The Robins “Double Crossin’ Blues” 1950

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The duet between Little Esther & the Robins set the R&B style for the first half of the 1950s with female vocalists dueting with R&B groups.  The breakthrough release, ”Double Crossing Blues,” credited to Little Esther (RN: Esther Mae Jones, b: TX, December, 23, 1935) & the Robins zoomed to the top of the r&b charts in March 1950. It was known to record buyers of the day as “Lady Bears,” because of the following lyrics between Little Esther and Bobby Nunn.

Esther: You belong out in the forest fighting a big old grizzly bear.
Bobby: How come you ain’t out in the forest?
Esther: I’m a lady!
Bobby: They got lady bears out there!

In black parlance of the day, as “lady bears” was a reference to an ugly and sexually aggressive women, the song became a subject of controversy, which certainly didn’t hurt its sales. Written by L.A. songwriter Jessie Mae Robinson, Johnny Otis added the lady bears dialog taken from Apus and Estrelita, a black comedy act. At first, Savoy owner Herman Lubinsky didn’t like the dub, but when WAAT DJ Bill Cook (who recorded for Savoy in 1951) out of Newark heard it, he played it on his show that evening, and the response was positive. As Lubinsky only had that song, he had to find an instrumental filler for the b-side. The first pressings used an instrumental credited to the Beale Street Gang, one of several flip sides over the years. ”Double Crossing Blues” became the first 45 rpm record pressed by Savoy.“When they released that stuff, it sold 300,000 copies in New York City alone in several days,” said Terrell.According to a lawsuit filed after the song hit, “Johnny Otis had asked her to write a song for a recording session,” said Jessie Mae Robinson’s daughter June Lynch. “Some of the stuff about the bear out in the jungle was added in the studio. The song was ‘Double Crossin’ Blues’.”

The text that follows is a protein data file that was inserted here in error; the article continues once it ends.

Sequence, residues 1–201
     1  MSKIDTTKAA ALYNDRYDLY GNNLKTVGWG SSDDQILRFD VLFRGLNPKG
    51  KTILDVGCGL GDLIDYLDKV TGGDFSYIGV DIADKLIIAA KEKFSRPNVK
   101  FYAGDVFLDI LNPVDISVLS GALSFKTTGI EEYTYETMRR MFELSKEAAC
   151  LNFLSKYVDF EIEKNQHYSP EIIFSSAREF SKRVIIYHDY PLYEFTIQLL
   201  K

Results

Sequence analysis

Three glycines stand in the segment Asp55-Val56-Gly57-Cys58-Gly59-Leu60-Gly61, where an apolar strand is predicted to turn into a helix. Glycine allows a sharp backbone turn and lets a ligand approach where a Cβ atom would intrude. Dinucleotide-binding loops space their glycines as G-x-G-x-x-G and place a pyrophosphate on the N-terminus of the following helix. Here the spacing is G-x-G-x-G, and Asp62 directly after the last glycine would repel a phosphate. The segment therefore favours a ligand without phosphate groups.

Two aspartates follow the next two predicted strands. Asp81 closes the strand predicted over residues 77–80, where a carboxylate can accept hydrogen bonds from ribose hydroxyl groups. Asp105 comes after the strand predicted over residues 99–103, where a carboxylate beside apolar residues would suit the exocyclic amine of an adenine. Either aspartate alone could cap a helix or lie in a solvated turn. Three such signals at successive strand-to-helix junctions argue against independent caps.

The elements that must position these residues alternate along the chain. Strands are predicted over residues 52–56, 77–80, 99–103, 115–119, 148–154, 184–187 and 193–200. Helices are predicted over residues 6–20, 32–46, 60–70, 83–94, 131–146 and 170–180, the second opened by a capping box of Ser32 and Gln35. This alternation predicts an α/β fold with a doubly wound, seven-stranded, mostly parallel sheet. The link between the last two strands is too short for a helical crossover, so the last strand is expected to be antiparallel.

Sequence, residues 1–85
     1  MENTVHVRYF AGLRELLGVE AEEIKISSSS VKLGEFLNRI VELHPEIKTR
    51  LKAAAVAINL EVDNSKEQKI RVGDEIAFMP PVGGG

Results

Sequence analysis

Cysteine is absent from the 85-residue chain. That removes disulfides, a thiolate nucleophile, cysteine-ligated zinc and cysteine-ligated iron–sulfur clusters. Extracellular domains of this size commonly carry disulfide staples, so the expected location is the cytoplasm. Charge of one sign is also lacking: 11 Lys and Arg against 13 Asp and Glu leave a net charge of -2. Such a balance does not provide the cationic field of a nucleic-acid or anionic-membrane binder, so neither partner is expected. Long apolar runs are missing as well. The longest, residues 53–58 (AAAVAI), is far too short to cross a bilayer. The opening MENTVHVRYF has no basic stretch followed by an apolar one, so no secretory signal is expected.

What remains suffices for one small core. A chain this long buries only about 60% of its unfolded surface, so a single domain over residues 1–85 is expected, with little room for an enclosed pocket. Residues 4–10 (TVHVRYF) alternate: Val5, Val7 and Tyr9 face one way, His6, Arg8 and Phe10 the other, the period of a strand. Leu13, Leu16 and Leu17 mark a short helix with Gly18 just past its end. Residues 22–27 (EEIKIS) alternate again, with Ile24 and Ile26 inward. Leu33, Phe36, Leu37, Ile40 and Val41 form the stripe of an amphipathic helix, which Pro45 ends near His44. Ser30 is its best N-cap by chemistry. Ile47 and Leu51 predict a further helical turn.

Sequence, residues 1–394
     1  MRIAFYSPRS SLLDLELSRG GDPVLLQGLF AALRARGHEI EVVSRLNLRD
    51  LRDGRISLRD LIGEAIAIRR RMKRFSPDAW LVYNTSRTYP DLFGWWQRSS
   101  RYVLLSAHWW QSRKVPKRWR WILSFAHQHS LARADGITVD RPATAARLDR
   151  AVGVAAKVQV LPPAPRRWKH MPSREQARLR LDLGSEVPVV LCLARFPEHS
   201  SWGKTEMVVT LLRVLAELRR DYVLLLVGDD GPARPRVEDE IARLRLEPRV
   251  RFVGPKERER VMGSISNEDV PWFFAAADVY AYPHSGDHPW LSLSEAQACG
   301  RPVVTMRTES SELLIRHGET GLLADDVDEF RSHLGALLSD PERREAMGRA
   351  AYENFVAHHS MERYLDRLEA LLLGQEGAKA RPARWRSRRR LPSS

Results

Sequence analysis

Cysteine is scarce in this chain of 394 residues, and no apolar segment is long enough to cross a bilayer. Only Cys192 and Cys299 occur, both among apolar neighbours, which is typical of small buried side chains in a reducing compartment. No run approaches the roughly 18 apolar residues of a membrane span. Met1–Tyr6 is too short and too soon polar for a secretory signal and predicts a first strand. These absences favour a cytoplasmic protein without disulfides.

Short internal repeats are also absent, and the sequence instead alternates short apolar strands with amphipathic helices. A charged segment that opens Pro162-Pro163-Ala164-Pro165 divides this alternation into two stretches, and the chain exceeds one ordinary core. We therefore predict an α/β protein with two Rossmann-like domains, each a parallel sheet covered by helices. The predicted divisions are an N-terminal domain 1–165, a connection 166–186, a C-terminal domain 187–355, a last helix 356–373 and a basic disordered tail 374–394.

When the record listed Otis as composer, Robinson sued. According to the L.A. Sentinal of Mar. 30 1950, she was awarded an out-of-court settlement, because her song had been appropriated and recorded by “a local drummer.”Asked about this, Otis told Bill Millar in “The Coasters,” “Jessie Mae Robinson had submitted a song to me called ‘What’s A Matter Baby,’ a little blues song without about four verses. I’d also written an untitled song, which was based on an old comedy act, Apus and Estralita, which I’d seen years ago in vaudeville. In the middle of their act, she’d say to him, ‘you should be out in the forest fightin’ a grizzly bear,’ and he’d say, ‘how come you ain’t out…’ and she’d butt in with ‘I’m a lady,’ and he’d say, ‘Hell, they got lady bears out there.’ And the audience would crack up, see. So I started to write a song. I forgot how it went, but I had two verse, including that catch-phrase. My eyes fell on Jessie Mae’s song lying on my bed and I though, Jeez, if I took those two verses and tagged them on, we’d have a great song. I called Jessie and she said, ‘go ahead. We’ll be collaborators’.”

“When we made ‘Lady Bears’ with Johnny Otis, we learned four songs, put the music to it, got a date from Ralph Bass, went to the studio for four hours,” said Terrell. “We always had some time left over, you could tell they liked the way we did it, put a bottle of wine, ‘Double Crossin’ Blues’ was the tag record to four we did.”

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